agreement between unions and employers. Generally, such a situation limits the
power of workers to influence social development policies. The workers’ influence
is diminished by stringent laws which restrict free association, vague definitions
of “national security”, prohibition of political party affiliation, and the
absence of systematic representation of workers’ interests in Parliament. Given
the real vulnerability of unionists to repressive laws like the Internal Security
Act, not even a token seat in the Senate can truly benefit the needs of the labour
movement.

11. Contradictory Legislation

There is a major contradiction between the provisions of the Employment Act and
the Company Act. Since the economic and political environment privilege employers
over workers, the Company Act generally takes precedence over the Employment Act.
For example, when a company enters receivership before closure, the chances that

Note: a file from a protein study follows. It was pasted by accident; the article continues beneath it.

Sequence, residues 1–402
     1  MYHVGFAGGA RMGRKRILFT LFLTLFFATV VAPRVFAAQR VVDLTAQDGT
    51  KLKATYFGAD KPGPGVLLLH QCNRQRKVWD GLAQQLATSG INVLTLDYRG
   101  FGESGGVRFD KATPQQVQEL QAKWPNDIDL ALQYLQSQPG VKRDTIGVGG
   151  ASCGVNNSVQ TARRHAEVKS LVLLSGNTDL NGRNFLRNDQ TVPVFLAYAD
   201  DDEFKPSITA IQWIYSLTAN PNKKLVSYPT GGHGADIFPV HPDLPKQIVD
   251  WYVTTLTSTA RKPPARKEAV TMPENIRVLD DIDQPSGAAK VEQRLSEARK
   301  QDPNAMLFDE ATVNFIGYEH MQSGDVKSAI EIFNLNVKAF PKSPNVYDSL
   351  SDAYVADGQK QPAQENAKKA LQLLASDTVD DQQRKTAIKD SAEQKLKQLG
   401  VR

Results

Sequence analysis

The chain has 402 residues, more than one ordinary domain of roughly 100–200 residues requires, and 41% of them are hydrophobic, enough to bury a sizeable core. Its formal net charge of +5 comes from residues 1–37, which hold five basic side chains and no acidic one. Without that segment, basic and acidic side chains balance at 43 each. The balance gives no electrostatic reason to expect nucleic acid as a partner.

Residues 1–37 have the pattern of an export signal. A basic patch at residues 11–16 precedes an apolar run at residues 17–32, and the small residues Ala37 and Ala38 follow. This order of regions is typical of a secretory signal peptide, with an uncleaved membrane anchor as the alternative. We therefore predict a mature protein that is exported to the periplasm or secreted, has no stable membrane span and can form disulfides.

workers will receive what is due to them are rather slim. The occupy the bottom of
the list of those who are to be paid. Such a situation exposes workers to high
levels of insecurity in terms of losing their jobs and their earnings. This basic
and unfair contradiction must be resolved to protect the interests of workers.
12. Unrealistic Retirement Age

Generally there is little appreciation of labour’s contribution to improvements in


the quality of life that Malaysia has achieved. There is also little sensitivity
to how changes in the quality of life may adversely affect workers and their
families. Life expectancy has increased so that it now exceeds 70 years (with
women living slightly longer than men). Even so, the retirement age is still fixed
at the outdated level of 55 years, with the private sector following the public
sector in this matter. With longer life expectancy, there is an urgent need to
avoid an early retirement which exposes workers to greater insecurity and
psychological stress in the post-retirement period. Retiring people early to
absorb younger workers, and thereafter claiming low unemployment rates only
manipulates numbers without addressing the unemployment problem of early retirees.

It is also necessary to reconsider the retirement age because of the increase in


the average age at marriage. from 20 years to 30 years. Consequently more and more